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Censorship Communications Encryption Government The Internet Your Rights Online

France Will Not Ban Wi-Fi Or Tor, Prime Minister Says (dailydot.com) 89

Patrick O'Neill writes: Despite requests from police following the deadly Paris attacks, France will not ban the Tor anonymity network or public Wi-Fi, Prime Minister Manual Valls said on Wednesday."A ban of Wi-Fi is not a course of action envisaged," Valls responded on Wednesday. Nor is he in favor of a ban on Tor, which encrypts and masks users' identifying data. "Internet is a freedom, is an extraordinary means of communication between people, it is a benefit to the economy," Valls added.
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France Will Not Ban Wi-Fi Or Tor, Prime Minister Says

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  • Vive la France (Score:5, Interesting)

    by EvilEddie ( 243404 ) on Thursday December 10, 2015 @12:38PM (#51095205) Homepage

    Vive la France

    • by Anonymous Coward

      Vive la France

      Politicians say A and do B. Be afraid, very afraid of what the government will really do.
      If you think the US government is bad on transparecy issues you've never lived in France.

      • by Trepidity ( 597 )

        In this case afaict the politicians never said that public wifi was going to be banned. It was the police who requested public wifi to be banned, which isn't surprising since police always want these kinds of things shut down. The government initially didn't comment on their request, and now commented that it's not in favor.

  • Actions of a few.. (Score:5, Insightful)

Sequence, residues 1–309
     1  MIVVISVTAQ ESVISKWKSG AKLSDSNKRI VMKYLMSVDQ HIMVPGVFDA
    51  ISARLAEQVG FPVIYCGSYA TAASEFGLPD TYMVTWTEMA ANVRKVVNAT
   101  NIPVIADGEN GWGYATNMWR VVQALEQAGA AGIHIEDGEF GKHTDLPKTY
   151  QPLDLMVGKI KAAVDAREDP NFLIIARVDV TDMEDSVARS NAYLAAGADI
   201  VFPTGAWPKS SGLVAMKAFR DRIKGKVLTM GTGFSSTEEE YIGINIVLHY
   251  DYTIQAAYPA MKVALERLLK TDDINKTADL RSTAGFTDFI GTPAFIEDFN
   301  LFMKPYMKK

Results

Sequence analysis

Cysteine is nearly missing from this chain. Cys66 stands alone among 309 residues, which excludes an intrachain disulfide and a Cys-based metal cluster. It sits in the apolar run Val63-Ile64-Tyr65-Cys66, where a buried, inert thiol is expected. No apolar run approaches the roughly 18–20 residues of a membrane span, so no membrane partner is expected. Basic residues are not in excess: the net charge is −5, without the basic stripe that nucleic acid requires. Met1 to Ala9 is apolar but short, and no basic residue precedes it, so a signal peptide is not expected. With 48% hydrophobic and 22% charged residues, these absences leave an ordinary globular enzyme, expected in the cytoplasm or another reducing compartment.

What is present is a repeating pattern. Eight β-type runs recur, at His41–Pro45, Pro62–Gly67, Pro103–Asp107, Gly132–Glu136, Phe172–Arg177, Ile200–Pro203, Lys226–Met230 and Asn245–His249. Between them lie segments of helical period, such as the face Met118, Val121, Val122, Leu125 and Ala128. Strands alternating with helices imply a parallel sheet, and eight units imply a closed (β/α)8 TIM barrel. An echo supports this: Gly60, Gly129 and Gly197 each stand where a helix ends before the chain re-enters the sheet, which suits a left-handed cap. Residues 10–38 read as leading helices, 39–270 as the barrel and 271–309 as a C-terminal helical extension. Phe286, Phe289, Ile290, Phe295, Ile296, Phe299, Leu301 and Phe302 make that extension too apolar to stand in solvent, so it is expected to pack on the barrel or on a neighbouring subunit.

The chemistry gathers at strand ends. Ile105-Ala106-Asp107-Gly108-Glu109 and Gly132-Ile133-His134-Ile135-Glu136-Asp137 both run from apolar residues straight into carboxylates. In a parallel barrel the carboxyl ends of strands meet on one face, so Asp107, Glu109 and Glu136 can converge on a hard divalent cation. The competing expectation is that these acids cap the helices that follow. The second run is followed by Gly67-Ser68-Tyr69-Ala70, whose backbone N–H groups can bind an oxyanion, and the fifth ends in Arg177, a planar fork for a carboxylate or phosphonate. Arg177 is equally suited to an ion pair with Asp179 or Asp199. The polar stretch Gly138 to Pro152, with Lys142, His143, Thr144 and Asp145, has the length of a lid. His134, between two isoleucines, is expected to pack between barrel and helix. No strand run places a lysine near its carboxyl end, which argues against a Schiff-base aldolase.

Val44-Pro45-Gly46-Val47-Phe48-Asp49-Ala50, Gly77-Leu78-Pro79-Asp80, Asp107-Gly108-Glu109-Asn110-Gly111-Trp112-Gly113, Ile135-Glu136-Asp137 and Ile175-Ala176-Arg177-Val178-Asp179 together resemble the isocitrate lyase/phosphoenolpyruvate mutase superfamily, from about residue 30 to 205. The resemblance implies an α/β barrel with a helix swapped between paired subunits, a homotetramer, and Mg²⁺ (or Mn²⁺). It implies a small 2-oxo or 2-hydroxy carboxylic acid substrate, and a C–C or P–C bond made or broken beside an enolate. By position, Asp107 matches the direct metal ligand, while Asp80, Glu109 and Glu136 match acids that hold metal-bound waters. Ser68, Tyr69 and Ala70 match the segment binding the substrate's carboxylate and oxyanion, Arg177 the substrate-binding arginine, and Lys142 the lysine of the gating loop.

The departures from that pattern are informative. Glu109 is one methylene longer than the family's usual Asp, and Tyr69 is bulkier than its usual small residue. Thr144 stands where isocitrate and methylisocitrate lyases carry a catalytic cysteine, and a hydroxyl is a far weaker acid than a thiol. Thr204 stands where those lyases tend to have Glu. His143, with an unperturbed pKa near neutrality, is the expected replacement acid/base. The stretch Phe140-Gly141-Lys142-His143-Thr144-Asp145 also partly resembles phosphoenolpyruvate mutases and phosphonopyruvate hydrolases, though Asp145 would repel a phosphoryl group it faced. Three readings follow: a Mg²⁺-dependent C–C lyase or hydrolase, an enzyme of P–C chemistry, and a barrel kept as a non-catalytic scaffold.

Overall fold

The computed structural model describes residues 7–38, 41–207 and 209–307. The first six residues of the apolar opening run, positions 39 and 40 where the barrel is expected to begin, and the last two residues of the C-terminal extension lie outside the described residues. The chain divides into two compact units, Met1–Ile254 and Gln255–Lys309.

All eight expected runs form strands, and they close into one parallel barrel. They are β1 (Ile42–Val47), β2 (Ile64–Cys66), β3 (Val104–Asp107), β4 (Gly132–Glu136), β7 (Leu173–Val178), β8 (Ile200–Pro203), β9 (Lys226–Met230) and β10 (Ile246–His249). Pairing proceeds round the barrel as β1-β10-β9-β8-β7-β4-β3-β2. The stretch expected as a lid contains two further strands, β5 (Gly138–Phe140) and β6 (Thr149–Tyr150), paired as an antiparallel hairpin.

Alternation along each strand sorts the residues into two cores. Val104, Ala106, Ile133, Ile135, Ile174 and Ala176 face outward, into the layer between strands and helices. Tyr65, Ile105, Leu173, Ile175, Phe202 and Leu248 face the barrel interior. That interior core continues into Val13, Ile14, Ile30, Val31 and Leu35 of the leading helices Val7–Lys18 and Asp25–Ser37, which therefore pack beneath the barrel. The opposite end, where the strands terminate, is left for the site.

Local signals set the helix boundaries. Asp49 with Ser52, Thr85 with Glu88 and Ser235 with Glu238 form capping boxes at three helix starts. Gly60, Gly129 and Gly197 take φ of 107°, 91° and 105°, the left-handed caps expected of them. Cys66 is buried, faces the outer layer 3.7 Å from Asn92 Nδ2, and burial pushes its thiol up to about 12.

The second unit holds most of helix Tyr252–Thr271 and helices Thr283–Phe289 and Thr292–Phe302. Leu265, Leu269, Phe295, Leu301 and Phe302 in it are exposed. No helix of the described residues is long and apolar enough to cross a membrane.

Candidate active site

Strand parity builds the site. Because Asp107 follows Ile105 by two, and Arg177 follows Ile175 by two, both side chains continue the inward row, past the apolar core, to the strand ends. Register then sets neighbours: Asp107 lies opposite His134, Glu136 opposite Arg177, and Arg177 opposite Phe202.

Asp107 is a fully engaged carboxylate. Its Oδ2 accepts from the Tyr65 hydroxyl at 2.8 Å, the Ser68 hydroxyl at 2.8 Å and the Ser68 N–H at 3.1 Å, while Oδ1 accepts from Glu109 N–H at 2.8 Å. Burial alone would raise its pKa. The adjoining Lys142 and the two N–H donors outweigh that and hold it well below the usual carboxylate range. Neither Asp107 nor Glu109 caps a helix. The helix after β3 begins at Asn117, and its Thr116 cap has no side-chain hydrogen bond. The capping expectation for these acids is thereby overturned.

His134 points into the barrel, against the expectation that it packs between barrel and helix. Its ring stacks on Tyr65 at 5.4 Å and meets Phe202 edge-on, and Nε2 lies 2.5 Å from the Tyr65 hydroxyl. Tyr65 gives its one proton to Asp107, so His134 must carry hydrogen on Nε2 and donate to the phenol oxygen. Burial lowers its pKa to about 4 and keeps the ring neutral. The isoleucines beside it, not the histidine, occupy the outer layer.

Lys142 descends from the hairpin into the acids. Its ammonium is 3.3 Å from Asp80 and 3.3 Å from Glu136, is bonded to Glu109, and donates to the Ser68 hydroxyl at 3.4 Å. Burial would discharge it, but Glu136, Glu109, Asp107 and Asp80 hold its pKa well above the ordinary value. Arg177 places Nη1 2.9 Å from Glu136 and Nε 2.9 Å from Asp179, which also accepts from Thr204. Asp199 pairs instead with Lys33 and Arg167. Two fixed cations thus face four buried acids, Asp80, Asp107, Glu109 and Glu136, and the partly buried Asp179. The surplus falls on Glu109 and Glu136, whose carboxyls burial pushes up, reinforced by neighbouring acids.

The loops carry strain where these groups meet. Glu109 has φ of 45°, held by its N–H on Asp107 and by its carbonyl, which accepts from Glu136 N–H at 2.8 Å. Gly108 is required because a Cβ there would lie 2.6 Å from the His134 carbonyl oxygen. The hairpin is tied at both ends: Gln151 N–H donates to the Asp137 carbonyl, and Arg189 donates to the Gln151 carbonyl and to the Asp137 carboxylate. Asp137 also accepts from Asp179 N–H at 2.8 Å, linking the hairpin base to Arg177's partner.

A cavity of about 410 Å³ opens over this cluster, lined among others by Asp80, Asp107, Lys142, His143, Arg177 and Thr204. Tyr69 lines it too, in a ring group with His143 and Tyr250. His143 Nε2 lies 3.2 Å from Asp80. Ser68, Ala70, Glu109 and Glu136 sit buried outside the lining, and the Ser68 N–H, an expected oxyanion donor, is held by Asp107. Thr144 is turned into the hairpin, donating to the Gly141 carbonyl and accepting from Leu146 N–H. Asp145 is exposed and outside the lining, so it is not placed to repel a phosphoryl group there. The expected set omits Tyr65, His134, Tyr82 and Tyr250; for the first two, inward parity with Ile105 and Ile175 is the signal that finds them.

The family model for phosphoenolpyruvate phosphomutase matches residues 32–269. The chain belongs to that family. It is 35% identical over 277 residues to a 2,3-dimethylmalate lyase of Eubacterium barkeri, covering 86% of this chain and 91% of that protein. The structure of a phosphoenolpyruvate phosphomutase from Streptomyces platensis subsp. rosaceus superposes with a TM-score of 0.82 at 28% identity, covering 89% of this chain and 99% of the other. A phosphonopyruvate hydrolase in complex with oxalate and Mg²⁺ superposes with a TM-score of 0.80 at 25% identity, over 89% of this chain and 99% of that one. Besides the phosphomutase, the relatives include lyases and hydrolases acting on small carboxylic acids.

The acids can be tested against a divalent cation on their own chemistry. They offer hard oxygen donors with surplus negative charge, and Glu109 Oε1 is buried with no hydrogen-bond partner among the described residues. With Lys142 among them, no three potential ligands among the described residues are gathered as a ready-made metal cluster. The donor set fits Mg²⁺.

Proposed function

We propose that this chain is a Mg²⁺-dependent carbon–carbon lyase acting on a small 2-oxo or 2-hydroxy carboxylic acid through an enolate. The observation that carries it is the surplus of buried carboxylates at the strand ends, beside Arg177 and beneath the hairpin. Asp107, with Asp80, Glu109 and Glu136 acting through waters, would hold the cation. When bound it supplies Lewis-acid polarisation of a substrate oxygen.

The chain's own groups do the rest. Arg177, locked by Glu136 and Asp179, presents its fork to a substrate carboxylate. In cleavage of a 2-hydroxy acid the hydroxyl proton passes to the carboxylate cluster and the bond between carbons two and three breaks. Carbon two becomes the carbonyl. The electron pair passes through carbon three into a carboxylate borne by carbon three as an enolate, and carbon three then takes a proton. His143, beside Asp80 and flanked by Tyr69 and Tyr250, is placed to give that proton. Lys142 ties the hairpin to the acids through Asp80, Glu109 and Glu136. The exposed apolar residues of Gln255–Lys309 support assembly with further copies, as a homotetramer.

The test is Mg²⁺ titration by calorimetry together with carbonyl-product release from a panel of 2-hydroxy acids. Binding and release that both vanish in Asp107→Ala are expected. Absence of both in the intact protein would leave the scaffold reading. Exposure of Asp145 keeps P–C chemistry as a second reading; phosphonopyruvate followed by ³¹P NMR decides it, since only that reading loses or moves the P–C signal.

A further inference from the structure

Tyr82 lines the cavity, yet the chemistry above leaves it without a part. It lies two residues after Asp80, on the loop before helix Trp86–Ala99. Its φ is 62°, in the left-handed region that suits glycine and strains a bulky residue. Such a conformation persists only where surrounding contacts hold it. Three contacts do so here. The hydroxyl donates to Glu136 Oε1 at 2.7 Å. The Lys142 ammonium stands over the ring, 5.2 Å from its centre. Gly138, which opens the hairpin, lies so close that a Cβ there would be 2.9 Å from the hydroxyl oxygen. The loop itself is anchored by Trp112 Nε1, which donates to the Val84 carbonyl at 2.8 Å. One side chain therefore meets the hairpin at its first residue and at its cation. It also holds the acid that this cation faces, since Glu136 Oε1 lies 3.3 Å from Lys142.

by Anonymous Coward on Thursday December 10, 2015 @12:38PM (#51095209)

    The fact this was even proposed shows how disconnected many are from reality. Feel good legislation will not fix anything and will only impose problems on common folk.

    The actions of a few must never dictate the life of the many.

    • by CaptnCrud ( 938493 ) on Thursday December 10, 2015 @12:41PM (#51095219)

      “Those who surrender freedom for security will not have, nor do they deserve, either one.”

        Benjamin Franklin

      • by Viol8 ( 599362 )

        Problem is - a soundbite sentence like that can have its goalposts moved to suit either side of the argument. Well all surrender a certain amount of freedom for security. If that wasn't the case you'd have anarchy and while that might appeal to a small group of posturing delusionals, the reality is you'd have murder, theft. rape , you name it, with true absolute freedom.

        • by delt0r ( 999393 )
          It can be argued that we do indeed have these freedoms. Since you are free to commit murder, theft and rape, nothing is stopping you for the most part. And indeed people obviously do that. However we enforce consequences to these acts after the fact.
          • It can be argued that we do indeed have these freedoms. Since you are free to commit murder, theft and rape, nothing is stopping you for the most part. And indeed people obviously do that. However we enforce consequences to these acts after the fact.

            The real trick is that you are free to do absolutely anything so long as you don't complain when others do the same right back to you. You want to go out and murder people? Fine, but don't complain when you receive a death sentence. You want to be a thief? Fine, but don't complain when others don't respect your property rights.

            Where you find injustice and lack of freedom is when the "enforcement" involves a disproportionate response, doing to other people what they did not do to you. A death sentence for th

      • Odd for the French to not be surrendering. ;-)

        Je blague, je blague ...

      • by amorsen ( 7485 )

        The quote is actually:

        "They who can give up essential Liberty to obtain a little temporary safety deserve neither liberty not safety."

        Benjamin Franklin is commenting on those who will give up the liberty to tax a rich family just because that rich family donates weapons to the ongoing war.

        It is interesting that Benjamin Franklin considered government taxation not just a liberty, but an essential one.

    • Re: (Score:2, Insightful)

      If I was in charge, the moment a senior level of a police or security service made such an utterance in public, he'd immediately fired and permanently blacklisted.

      • by Anonymous Coward

        How's that freedom of speech working out for you?